• Add 10uL of the unknown DNA into each of the separate wells and mix well by pipeting up and down. It is recommended that there be triplicates of the unknown DNA samples.
  • Incubate the microplate at room temperature for 15-30 minutes in the dark.
  • Measure the fluorescence using a microplate reader with 350 nm excitation and 460 nm emission parameters.
  • Generate a standard curve to determine the unknown DNA concentration. For the DNA standards, plot the amount of DNA vs. Fluorescence, and fit a trend line through these points. If desired, the 0 standard fluorescence can be subtracted from the values for a zero y-intercept.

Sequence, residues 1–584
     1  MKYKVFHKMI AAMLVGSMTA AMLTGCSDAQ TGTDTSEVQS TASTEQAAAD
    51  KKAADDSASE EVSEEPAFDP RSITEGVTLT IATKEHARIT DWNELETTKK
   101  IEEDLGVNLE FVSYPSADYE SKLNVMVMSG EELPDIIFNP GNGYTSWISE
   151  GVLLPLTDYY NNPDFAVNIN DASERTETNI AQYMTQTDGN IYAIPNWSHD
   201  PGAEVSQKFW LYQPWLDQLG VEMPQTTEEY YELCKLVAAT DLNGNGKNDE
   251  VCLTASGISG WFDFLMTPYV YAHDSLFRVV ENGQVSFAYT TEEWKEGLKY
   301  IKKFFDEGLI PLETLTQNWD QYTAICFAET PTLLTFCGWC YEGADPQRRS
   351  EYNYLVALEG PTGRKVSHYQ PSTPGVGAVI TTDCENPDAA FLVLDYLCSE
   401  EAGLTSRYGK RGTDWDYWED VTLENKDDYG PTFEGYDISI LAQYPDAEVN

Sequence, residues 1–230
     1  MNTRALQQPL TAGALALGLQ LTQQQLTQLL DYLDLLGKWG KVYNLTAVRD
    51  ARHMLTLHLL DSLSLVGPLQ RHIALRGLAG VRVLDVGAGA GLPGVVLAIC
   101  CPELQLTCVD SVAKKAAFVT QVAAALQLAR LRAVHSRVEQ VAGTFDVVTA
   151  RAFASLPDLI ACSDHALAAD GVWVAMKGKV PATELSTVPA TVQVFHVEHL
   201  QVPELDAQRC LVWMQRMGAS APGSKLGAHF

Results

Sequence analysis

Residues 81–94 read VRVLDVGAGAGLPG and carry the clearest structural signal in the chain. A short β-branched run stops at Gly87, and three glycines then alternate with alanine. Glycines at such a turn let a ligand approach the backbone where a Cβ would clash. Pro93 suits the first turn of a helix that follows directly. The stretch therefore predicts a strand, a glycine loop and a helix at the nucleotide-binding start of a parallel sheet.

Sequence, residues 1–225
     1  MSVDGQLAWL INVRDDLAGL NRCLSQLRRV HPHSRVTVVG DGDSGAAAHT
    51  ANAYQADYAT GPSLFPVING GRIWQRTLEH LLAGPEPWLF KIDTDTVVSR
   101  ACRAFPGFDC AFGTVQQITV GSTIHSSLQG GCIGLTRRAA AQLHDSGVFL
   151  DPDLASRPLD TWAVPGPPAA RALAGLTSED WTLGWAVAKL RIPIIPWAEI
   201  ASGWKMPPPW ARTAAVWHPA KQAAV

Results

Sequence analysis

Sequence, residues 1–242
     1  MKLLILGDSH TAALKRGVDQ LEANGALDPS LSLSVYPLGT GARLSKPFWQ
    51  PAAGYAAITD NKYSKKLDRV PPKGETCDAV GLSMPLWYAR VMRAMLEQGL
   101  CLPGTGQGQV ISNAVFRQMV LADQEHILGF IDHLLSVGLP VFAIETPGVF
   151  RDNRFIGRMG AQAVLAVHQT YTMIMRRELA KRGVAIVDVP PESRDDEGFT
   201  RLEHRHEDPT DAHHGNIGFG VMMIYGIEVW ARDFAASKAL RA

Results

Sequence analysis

Figure 2: MagicBlueTM Broad Range dsDNA Quantitation kit linearity from 2 – 2000ng/well. The smaller graph to the right is the lower range of the DNA titration. Duplicates of dsDNA in two-fold dilutions were assayed in 96-well plates and read at 350/460nm on a Molecular Devices Gemini XS plate reader. The average background value (0 DNA standard) was subtracted from the average fluorescence values and plotted with a trend line. Fluorescence quantitation by the MagicBlueTM Broad Range reagent is linear from 2 - 2000 ng dsDNA but can be extended to 4000 ng with some distortion of the standard curve.

Considerations for Data Analysis